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Target’s Mock-CBGB Storefront Drew Criticism — Then People Went Shopping

Even while shopping at a new Target store, East Village residents had mixed feelings about the chain’s presence.

The Target logo on the facade of a building.
Target opened its third small-format store in New York City on Saturday.
Photo: Eduardo Munoz Alvarez/Getty Images

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To celebrate the opening of its new East Village store last Saturday, Target created a Disney World version of New York. The company built a row of fake stoops and storefronts outside the entrance to the store, all pristinely branded in red and white. There was a Target fortune teller, a Target newspaper kiosk, a Target bull’s-eye mural, and — to the outright fury of those who have watched iconic New York establishments fade away due to rising rents — a recreation of the erstwhile punk club CBGB, called “TRGT.” The reviews, many of them, were scathing.

“For their grand celebration they have committed what might be the most deplorable commodification of local neighborhood culture I’ve ever witnessed,” wrote Jeremiah Moss on the blog Vanishing New York.

But by Monday, the set dressing had disappeared, revealing an abnormally wide stretch of sidewalk outside the Target, which sits on the corner of 14th Street and Avenue A under a hulking mass of luxury condos. A fruit stand and a halal cart were parked outside. Across the street, construction workers waded in a shallow pool of gray water, at work on a new entrance to the L train subway.

The store is one of Target’s 71 small-format locations, which were developed specifically for cities like New York. (Another will open in Manhattan’s Lower East Side next month.) Target’s typically wide array of products has been condensed to fit onto two floors. Bikinis and sunglasses hang a few steps away from the fresh produce and shelf groceries; taking the escalator downstairs, shoppers are hit with a selection of Burt’s Bees skin care products and a shelf of rugs in muted colors like “ivory,” “cream,” “radiant gray,” and “gray champagne.”

Despite the space constraints, there is an entire wall of candles. Recovering from the steamy bog outside, I spent 10 minutes enjoying the air conditioning and systematically sniffing every one of them.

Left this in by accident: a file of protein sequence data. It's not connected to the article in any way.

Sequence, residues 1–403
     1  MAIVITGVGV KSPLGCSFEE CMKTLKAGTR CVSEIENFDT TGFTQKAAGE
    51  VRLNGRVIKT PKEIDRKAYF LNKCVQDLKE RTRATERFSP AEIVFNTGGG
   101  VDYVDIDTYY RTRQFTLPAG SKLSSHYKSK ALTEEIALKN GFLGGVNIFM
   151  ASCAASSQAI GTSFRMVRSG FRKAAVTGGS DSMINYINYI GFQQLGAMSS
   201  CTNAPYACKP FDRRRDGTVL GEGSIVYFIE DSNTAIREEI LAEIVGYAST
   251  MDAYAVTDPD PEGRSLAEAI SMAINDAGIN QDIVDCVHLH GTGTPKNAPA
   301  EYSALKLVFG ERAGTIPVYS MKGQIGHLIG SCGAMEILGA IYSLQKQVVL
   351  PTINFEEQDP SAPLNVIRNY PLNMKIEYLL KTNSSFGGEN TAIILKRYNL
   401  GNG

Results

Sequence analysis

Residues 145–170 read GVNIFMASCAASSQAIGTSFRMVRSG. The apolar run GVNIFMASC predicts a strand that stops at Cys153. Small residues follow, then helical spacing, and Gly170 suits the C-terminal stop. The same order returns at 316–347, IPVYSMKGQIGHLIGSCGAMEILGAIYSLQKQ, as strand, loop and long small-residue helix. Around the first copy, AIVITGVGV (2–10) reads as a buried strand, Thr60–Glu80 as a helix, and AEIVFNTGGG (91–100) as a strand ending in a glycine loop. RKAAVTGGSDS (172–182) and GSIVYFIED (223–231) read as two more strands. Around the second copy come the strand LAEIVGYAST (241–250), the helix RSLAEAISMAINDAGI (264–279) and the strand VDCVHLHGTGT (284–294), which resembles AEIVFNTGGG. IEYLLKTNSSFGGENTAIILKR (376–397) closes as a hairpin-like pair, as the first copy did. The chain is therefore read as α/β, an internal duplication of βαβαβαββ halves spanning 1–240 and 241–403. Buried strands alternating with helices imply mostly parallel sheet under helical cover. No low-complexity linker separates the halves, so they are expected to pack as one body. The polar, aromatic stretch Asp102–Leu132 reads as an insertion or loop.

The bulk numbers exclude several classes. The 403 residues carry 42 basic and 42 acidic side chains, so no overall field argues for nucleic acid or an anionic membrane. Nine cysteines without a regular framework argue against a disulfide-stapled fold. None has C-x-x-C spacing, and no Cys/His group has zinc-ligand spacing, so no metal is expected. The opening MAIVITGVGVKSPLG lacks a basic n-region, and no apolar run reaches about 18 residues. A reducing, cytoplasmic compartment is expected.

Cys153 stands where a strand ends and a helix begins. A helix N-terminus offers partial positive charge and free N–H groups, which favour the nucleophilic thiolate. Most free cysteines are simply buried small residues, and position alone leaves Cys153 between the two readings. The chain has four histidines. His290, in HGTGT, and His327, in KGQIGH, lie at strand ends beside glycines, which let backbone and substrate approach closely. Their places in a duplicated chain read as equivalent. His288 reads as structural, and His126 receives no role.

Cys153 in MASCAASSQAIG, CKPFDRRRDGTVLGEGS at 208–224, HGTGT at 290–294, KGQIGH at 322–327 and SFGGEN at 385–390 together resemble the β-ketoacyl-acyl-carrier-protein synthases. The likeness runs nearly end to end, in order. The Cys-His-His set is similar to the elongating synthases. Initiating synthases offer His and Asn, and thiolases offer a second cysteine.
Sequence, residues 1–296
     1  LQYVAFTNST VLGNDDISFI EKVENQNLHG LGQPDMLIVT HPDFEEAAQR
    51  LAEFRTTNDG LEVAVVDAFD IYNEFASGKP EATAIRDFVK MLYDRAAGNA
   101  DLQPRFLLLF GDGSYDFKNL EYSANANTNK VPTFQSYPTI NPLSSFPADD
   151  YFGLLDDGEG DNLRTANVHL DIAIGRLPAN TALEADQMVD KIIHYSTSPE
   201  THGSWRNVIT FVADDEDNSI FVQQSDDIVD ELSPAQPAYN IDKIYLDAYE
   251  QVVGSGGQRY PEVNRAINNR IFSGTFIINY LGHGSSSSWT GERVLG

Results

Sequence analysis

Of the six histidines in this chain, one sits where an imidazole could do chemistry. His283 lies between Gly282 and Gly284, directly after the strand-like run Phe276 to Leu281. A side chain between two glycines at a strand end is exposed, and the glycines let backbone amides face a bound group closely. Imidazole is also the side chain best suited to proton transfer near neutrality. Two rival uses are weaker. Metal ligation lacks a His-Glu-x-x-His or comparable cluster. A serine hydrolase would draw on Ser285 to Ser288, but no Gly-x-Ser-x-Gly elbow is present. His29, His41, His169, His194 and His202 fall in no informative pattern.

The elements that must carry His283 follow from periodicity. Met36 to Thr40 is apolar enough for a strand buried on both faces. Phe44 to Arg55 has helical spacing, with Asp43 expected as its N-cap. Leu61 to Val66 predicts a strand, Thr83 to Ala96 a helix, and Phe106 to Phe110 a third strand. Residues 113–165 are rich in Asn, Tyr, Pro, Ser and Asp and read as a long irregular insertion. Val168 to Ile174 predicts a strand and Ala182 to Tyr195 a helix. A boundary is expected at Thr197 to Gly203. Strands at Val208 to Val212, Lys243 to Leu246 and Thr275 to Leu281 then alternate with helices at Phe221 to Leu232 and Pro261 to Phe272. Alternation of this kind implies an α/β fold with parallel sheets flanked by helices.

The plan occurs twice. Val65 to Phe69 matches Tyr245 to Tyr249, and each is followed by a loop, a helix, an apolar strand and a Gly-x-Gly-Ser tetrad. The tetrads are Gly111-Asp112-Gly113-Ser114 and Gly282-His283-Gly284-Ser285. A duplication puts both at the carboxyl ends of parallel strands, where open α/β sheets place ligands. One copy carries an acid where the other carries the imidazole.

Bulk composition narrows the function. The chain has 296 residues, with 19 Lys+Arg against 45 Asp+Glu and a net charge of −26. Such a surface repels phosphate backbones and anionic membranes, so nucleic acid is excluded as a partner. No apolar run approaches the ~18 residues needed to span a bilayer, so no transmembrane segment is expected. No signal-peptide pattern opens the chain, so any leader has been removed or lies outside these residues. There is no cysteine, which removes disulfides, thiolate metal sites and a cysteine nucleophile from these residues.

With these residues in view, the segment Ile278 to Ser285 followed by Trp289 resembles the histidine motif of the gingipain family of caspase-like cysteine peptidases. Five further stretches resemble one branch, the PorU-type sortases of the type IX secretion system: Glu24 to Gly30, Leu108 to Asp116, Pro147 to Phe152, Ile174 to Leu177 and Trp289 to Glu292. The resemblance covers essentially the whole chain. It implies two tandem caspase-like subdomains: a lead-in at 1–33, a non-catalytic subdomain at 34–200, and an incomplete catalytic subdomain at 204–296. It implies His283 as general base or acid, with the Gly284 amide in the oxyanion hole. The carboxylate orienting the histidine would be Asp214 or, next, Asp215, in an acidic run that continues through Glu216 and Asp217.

“That’s a lot of candles,” said a young woman in a tie-dye T-shirt, as she crossed behind me.

For a newly opened store, some of the shelves in the grocery section upstairs were surprisingly bare, with big holes behind rack labels for Tropicana orange juice and Sabra hummus. Annette, a woman who has lived her entire life in Alphabet City (and who declined to give her last name), noticed the same thing.

“Some of the shelving’s a little empty,” Annette said after leaving the store, adding that she was not totally thrilled with the selection but generally glad that the store was there.

“I would say in this neighborhood, it is definitely offering bedding,” she said. “Things like that I usually have to order online or go farther into the Union Square area for. And the produce actually looked much fresher than the local grocery stores.”

Helped along by the installation of a Target and luxury condos, the neighborhood feel has dissipated from the area, Annette said. The same block used to house a grocery store and a beloved restaurant called Pizza Place — “a real neighborhood place,” in her view.

Another Target shopper named Joan, an East Village resident of 20 years, expressed mixed feelings about the chain’s presence in the area.

“I was just talking to a neighbor of mine — she was saying that it was taking away the mom and pop shops, but I feel like for us, it’s also something affordable,” Joan said. “When it comes down to the reality of it, we’re going to run to this place if it’s a lower price. But we do think about the mom and pop shops that are leaving. That’s changing the whole scene of New York and what it used to be all about. You’re kind of stuck in the middle.”

Indeed, the Target was busy in the middle of Monday afternoon. A diverse crowd milled around, checking out school supplies, underwear, and yogurt, emerging onto the hot street carrying plastic bags printed with Target’s logo. With the controversial “TRGT” sign nowhere in sight, it was back to shopping as usual.